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Drug Driving

18% of drivers involved in a road death have illegal drugs in their bodies as do 22% of passengers.

Drug driving is the term used to describe anyone who gets behind the wheel of a vehicle under the influence of any substance (legal or illegal) that is likely to impair their driving ability.

Under Section 107, Schedule 7 of the Railways and Transport Safety Act 2003: (opens in a new window)

  • It's an offence to drive a motor vehicle while under the influence of a Controlled Drug.(opens in a new window)  
  • Police Officers have powers to undertake roadside drug tests on drivers.

 

Road Side Testing

The ’field impairment’ tests used by UK police officers are derived from the Standardised Field Sobriety Tests (SFST) used by the majority of police forces in the United States.

Police in the UK use five field impairment tests and they are:

  • Examination of pupils. A subject’s pupils are examined and if they are outside the normal range of between 3.0 and 6.5mm this is recorded as abnormal.
  • Romberg test. The Romberg test is a test of the subject’s internal clock. The subject is asked to tilt their head back slightly, close their eyes and estimate the passage of thirty seconds. Results of between 25 and 35 seconds are normal.
  • Walk and turn test. The subject is asked to stand with their right foot in front of the left foot, touching heel to toe. They are asked to take nine steps along the line, turn and walk nine steps back. The subject must count out loud and look at their feet while doing the test. If the subject fails to count out loud, look at their feet, loses balance etc, these failures are recorded.
  • One leg stand test. The subject is asked to stand on one leg with the foot raised 6 to 8 inches (15-20 cm) parallel to the ground. The subject is told to look at their foot and count out loud.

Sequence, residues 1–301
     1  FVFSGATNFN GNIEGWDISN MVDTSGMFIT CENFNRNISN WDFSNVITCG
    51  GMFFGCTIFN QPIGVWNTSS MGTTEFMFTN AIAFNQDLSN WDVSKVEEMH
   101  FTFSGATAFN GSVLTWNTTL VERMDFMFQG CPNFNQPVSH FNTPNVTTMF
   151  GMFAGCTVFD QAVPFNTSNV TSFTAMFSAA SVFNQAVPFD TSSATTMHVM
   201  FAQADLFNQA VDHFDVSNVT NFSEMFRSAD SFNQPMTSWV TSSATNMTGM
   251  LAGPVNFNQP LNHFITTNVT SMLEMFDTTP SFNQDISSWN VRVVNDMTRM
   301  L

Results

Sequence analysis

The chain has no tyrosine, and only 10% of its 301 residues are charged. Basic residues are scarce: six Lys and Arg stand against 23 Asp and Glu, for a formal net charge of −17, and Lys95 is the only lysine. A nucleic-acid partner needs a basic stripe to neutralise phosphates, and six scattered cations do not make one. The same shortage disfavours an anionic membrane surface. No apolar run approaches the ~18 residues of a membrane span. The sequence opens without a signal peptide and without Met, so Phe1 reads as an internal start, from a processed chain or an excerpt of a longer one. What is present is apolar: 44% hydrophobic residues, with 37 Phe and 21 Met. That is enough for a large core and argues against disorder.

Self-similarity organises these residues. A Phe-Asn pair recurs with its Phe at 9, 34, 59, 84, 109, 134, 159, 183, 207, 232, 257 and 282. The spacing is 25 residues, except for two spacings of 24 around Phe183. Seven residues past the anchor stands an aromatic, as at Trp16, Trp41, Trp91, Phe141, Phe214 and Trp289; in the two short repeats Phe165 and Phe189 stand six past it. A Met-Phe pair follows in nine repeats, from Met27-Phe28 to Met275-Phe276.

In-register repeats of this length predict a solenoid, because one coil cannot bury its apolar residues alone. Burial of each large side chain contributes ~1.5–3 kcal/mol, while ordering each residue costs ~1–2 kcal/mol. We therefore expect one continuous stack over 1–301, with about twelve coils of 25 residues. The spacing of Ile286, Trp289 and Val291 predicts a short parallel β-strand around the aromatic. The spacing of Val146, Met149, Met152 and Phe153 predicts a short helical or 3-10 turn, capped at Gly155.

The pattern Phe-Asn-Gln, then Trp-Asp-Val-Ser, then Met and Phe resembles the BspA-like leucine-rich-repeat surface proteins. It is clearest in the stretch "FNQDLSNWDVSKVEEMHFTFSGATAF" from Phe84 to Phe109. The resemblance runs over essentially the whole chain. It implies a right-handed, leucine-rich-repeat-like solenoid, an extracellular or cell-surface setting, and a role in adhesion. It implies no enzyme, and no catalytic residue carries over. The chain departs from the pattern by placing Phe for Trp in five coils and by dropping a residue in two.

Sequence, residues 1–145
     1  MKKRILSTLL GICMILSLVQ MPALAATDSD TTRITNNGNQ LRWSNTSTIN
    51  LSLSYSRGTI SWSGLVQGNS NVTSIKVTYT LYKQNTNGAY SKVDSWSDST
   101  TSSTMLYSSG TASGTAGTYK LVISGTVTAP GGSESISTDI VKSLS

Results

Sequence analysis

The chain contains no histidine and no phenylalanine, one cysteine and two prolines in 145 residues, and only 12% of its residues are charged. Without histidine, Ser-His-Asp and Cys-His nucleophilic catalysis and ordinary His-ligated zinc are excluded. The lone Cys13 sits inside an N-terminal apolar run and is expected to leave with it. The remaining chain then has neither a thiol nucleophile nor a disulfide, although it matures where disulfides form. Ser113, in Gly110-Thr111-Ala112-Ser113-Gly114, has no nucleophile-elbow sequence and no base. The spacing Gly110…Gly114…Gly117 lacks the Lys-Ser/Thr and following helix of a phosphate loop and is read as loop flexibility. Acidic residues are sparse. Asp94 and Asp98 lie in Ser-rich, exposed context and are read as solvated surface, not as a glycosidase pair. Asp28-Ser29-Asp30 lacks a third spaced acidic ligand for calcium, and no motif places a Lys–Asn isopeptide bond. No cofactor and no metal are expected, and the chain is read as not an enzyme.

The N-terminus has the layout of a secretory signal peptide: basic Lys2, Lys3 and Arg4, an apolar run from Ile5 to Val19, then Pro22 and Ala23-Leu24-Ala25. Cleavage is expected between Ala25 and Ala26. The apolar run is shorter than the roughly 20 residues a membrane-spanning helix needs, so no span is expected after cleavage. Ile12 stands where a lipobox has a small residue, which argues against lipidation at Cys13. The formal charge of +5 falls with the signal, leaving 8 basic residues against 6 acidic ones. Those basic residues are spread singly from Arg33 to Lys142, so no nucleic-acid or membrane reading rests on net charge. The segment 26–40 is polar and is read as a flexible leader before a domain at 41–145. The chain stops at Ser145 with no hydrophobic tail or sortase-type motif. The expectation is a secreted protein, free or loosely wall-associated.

• Finger to nose test. The subject is asked to extend the index fingers of both hands and hold them palms facing forward.
  • With the head tilted slightly backwards and eyes closed the subject is asked to touch the tip of the nose with the tip of their finger with the hand indicated by the officer.


If field impairment tests demonstrate that you may have been driving under the influence of drugs, you could be arrested.

 

Penalties

Driving under the influence of drugs carries the same penalties as drink driving (opens in a new window) a ban and a fine of up to £5,000 or up to six months in jail. If a person under the influence of drugs causes a fatal accident, they could face a two-year ban and a maximum of 10 years in jail.

 

Before you drive

Drugs affect the way you think and behave and this can have a significant impact on your sense of judgment and reaction times. So be smart about drug driving, and think before you get behind the wheel or accept a lift from someone you know isn't in a state to drive.

Always read the label if you're taking prescribed medication. Antihistamines (often used in flu and hayfever remedies) and tranquillisers (used to treat anxiety, depression and sleeping disorders) may significantly affect reaction times and/or cause drowsiness. If the label advises against 'operating heavy machinery', consider it a warning not to get behind the wheel of a vehicle. If in doubt, consult your GP.

 

Bedford Borough Council Road Safety Team      

 telephone (01234) 228336

Email road.safety@bedford.gov.uk

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